My answer is that children learn what they live. The most effective way to teach kids is to treat them the way we want them to treat others: with compassion and understanding. When we spank, punish, or yell, kids learn to act aggressively.
Even timeouts – symbolic abandonment -- give children the message that they’re alone with their big scary feelings just when they need us most, rather than being an opportunity to learn how to manage their emotions. (But I'm a big fan of Time-Ins, during which we remove our child from the situation and sit with him to help him process the feelings that were causing him to act out.)
That doesn’t mean we renege on our responsibility to guide our children by setting limits. No running into the street, no hitting the baby, no peeing on the carpet, no picking the neighbor’s tulips, no hurting the dog. But these are limits, not punishment.
Are you wondering how your child will learn not to do these things next time, if you don’t “discipline” him when he does them? Then you’re assuming that we need to punish children to "teach a lesson."
Actually, research shows that punishing kids creates more misbehavior. Being punished makes kids angry and defensive. It launches adrenalin and the other fight, flight or freeze hormones, and turns off the reasoning, cooperative impulses. Kids quickly forget the “bad” behavior that led to their being punished, even while they’re processing the emotional aftermath of the punishment for weeks. If they learn anything, it’s to lie and avoid getting caught. Punishment disconnects us from our kids so we have less influence with them. It even lowers IQ, since kids who don't feel completely safe and secure aren't free to learn. Quite simply, punishment is never an effective means of raising a responsible, considerate, happy child. It teaches all the wrong lessons.
If, instead, we can stay kind and connected while we set limits, our children will internalize what they’ve lived. They don't resist our guidance, so they feel connected, and they see their impact on others, so they’re considerate and responsible. Because they’ve had parents who modeled emotional self-regulation, they’ve learned to manage their own emotions, and therefore their own behavior. Because they’re been accepted for all of who they are, they’re in touch with their own passions and motivated to explore them.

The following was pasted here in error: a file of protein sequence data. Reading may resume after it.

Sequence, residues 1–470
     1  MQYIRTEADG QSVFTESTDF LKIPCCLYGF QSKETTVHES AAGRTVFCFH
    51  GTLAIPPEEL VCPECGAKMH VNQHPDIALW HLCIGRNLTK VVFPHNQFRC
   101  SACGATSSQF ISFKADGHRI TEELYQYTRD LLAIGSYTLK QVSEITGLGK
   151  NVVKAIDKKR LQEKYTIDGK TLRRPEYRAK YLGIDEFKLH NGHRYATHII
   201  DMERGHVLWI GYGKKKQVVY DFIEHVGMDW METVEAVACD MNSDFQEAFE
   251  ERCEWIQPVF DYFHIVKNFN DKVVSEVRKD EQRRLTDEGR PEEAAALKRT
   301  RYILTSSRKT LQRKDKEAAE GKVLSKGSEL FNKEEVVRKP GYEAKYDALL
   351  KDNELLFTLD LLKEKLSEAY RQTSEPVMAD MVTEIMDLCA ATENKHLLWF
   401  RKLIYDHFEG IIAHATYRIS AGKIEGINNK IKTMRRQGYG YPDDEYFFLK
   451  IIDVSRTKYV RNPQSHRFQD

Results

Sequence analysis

So what can we do to guide children without discipline?
1. Regulate your own emotions. That’s how children learn to manage theirs. You’re the role model. Don’t act when you’re upset. If you can't get in touch with your love for your child, then what would a really fantastic parent do right now? Do that. If you can’t, then take a deep breath and wait until you’re calm before you address the situation. Resist the impulse to be punitive. It always backfires.
2. Honor feelings. When your child is hijacked by adrenaline and other fight or flight hormones, he can't learn. Instead of lecturing, do a "Time-In" where you stay with your child and let him have his meltdown in your attentive presence. Your goal is to provide a calm "holding environment" for your child's upset. Expressing emotions with a safe, attentive, accepting adult is what helps kids move through those feelings and learn to self-soothe so they can regulate their own emotions eventually. Don't try to reason with him during the emotional storm. Afterwards, he'll feel so much better, and so much closer to you, that he'll be open to your guidance about why we don't say "Shut Up" (Because it hurts feelings) or lie (Because it cuts the invisible cords that connect our hearts to each other.)
3. Remember how children learn. Consider the example of teeth brushing. Start when she’s a baby, model brushing your own teeth, make it fun for her, gradually give her more of the responsibility, and eventually she’ll be doing it herself. The same principle holds for learning to say Thank You, taking turns, remembering her belongings, feeding her pet, doing homework, and most everything else you can think of. Routines are invaluable partly because they provide the “scaffolding” for your child to learn basic skills, just as scaffolding provides structure for a building to take shape. You might be mad she forgot her jacket again, but yelling won't help her remember. "Scaffolding" will.
4. Connect before you correct, and stay connected, even while you guide, to awaken your child’s desire to be his best self. Remember that children misbehave when they feel bad about themselves and disconnected from us.
Stoop down to her level and look her in the eye: "You are mad...Tell me what you need in words... no biting!"
Pick her up: "You wish you could play longer... it's time for bed."
Make loving eye contact: "You are so upset right now."
Put your hand on her shoulder: "You're scared to tell me about the cookie."
5. Set limits -- but set them with empathy. Of course you need to insist on some rules. But you can also acknowledge her perspective. When kids feel understood, they're more able to accept our limits.
"No biting! You’re very very mad and hurt, but you need to tell your brother in words."
"It's bedtime now. I know you wish you could play longer."
"You don't want Mommy to say No, I hear you....And the answer is No. We don't say 'Shut Up' to each other, even when we're sad and mad."
"No matter how scared you are, I need you to tell me the truth."
6. Remember that all “misbehavior” is an expression, however misguided, of a legitimate need.